The Sirtfood Diet: what is it, benefits, risks
LAST UPDATED: Jul 22, 2021
4 MIN READ
HERE'S WHAT WE'LL COVER
Every year new diet trends pop up, with new health claims and eating rules. The Sirtfood Diet is one of the latest trends, although its creators say it’s more than just another fad diet. The creators claim that following the Sirtfood Diet unlocks your “skinny gene” and holds the secret to a long, healthy life.
This article covers what the Sirtfood Diet is, the benefits, and the risks of following it.
Get access to GLP-1 medication (if prescribed) and 1:1 support to meet your weight goals
What is the Sirtfood Diet?
The Sirtfood Diet was created by celebrity nutritionists Aidan Goggins and Glen Matten. The diet grew more popular after celebrities like Pippa Middleton and Adele adopted it. Adele credits her weight loss to the diet.
The creators claim the diet plan turns on your “skinny gene” and mimics the effects of fasting and exercise. It is based on research on sirtuins (shortened to “sirts”), a type of protein that regulates the activity of cells in the body. Some research shows that sirtuins help regulate metabolism, inflammation, fluid balance, and lifespan (Pallauf, 2013). Sirtfoods are foods that are believed to help activate the sirtuins in your body. The diet claims to help burn fat, stabilize blood sugar, reduce water weight, and promote weight loss.
The Sirtfood Diet combines periods of calorie restriction and a high intake of sirtfoods to promote weight loss, followed by maintenance periods.
Green juices are a hallmark of the Sirtfood Diet since proponents claim they’re an excellent way to consume large amounts of sirtfoods.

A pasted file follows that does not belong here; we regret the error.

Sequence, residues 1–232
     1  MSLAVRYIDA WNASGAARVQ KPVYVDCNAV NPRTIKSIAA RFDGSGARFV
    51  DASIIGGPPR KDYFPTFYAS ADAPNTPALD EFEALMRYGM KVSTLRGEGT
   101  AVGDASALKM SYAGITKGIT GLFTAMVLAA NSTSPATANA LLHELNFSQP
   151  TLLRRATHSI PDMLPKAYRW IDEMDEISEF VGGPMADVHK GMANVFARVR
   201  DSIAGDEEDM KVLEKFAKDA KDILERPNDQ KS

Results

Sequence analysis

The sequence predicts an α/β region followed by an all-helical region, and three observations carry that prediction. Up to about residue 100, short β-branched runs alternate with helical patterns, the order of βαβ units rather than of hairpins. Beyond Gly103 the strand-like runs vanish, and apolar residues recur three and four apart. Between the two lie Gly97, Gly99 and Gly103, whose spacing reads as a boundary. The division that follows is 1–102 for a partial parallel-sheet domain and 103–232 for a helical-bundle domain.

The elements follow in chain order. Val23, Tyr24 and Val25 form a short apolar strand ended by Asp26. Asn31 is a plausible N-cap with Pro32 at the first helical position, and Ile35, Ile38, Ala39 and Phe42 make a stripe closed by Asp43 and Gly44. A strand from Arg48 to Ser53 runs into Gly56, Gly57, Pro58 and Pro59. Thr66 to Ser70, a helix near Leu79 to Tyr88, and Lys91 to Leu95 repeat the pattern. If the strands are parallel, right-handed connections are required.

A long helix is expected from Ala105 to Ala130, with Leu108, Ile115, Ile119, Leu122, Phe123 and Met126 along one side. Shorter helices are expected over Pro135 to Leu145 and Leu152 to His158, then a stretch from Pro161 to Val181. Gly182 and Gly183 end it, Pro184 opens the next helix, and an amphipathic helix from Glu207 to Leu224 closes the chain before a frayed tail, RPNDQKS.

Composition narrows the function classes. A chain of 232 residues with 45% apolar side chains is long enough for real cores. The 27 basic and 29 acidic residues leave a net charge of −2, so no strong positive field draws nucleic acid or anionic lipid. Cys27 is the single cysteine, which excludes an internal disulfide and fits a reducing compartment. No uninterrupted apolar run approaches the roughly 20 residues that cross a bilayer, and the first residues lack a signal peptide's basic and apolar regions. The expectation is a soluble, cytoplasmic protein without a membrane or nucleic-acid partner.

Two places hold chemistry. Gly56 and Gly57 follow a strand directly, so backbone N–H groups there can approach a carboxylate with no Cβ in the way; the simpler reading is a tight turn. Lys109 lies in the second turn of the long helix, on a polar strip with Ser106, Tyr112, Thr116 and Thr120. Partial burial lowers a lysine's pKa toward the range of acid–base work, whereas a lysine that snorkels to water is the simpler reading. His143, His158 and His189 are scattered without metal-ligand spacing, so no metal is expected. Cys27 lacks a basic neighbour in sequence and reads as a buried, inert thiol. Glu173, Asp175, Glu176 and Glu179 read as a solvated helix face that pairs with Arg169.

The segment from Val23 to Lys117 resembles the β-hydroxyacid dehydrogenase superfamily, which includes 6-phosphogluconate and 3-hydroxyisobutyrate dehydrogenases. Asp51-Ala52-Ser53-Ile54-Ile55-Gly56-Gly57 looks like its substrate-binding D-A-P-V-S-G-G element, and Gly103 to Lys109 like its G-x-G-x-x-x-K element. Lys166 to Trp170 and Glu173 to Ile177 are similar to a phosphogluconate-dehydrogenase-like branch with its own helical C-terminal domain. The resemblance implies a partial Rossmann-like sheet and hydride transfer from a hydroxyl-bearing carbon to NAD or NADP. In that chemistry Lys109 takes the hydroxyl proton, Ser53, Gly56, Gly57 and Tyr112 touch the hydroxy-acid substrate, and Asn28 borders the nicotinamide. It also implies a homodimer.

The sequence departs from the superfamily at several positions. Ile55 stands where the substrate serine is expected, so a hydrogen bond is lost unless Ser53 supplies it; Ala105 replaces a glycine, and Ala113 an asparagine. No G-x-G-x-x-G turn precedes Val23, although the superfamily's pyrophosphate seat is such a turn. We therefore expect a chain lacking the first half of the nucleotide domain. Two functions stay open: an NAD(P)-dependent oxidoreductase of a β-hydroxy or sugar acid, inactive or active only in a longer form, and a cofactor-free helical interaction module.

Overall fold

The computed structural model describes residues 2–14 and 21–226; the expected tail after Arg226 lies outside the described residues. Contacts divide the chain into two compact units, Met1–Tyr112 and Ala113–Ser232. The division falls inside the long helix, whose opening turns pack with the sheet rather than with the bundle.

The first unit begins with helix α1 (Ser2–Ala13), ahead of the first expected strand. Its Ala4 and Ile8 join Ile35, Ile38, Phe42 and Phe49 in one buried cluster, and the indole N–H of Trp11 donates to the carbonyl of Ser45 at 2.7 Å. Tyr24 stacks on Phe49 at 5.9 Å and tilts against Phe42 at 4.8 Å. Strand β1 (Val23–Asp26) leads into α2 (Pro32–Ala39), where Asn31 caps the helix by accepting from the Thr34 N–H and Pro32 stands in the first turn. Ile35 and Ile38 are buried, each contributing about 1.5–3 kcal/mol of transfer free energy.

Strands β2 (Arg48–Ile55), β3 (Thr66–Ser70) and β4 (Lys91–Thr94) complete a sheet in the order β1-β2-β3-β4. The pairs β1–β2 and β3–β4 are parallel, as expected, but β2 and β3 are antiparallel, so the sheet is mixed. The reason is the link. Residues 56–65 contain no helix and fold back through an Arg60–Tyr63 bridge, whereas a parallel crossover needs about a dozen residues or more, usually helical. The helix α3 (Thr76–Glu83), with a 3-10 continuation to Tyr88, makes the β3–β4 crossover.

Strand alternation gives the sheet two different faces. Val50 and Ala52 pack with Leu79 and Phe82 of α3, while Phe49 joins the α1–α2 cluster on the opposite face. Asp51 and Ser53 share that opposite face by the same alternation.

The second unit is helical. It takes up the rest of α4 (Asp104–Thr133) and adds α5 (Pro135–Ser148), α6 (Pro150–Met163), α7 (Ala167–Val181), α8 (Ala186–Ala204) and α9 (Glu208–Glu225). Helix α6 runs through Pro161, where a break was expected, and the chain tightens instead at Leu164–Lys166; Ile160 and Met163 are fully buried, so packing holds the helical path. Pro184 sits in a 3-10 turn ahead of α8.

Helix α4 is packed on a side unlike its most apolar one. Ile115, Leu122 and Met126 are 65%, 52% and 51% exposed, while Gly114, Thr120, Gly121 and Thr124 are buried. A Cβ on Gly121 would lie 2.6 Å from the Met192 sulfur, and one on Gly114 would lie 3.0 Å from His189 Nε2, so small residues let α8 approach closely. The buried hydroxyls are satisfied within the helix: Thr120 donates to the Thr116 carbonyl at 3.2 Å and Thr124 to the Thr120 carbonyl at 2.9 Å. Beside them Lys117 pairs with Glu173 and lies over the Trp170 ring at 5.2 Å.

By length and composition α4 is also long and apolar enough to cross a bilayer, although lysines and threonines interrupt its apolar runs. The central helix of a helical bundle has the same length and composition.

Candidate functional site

Why do people follow the Sirtfood Diet?
Most people who decide to follow the Sirtfood Diet do so because of its claims of rapid and "sustainable" weight and fat loss. In addition, the diet claims to protect against chronic diseases and help with healthy aging.
There is little research about the effectiveness of the Sirtfood Diet specifically. However, there is research to support that sirtfoods increase sirtuin activity (Pallauf, 2013). Research shows that certain nutrients can activate sirtuins, which in turn help protect muscles and bones from damage from aging and chronic disease (Zullo, 2018).
The diet may not be appropriate for people with diabetes or highly active people because it greatly restricts calories during the first phase of the diet.
What can you have on a Sirtfood Diet plan?
Nutrients that activate the sirtuin genes include polyphenols, glucosinolate, and antioxidant vitamins found in plant foods. Here are some of the top sirtfoods:
How to follow a Sirtfood Diet plan
The Sirtfood Diet is broken up into two phases.
The first phase lasts for one week (7 days). According to the Sirtfood Diet website, during the first three days, you are supposed to drink three sirtfood green juices and eat one sirtfood-rich meal for a total of 1,000 calories each day.
During days four through seven of the first week, you increase your calories to 1,500 calories per day by drinking two green juices and eating two meals.
The three primary ingredients for the green juices are matcha tea, lovage, and buckwheat. Other sirtfoods can be added to your juicer to add nutrients and flavor.
The second phase lasts for two weeks (14 days) and is designed to continue steady weight loss. It’s recommended to eat three sirtfood-rich meals and drink one green juice every day.
After phase two
There isn’t a maintenance phase after the 3-week meal plan. The goal after the two phases seems to be to continue drinking green juice and eating sirtfoods regularly to keep the sirtuins activated. The 3-week cycle can be repeated for further weight loss.
Benefits of the Sirtfood Diet
There is almost no research to support the health claims of the Sirtfood Diet. However, there is some research regarding the health benefits of sirtuins.
Research shows sirtuin-activating foods may help prevent chronic disease and promote healthy aging to maintain a high quality of life (Palluaf, 2013). One study shows that sirtuins play a role in maintaining healthy kidneys and may reduce your risk of developing chronic kidney disease (Hao, 2010).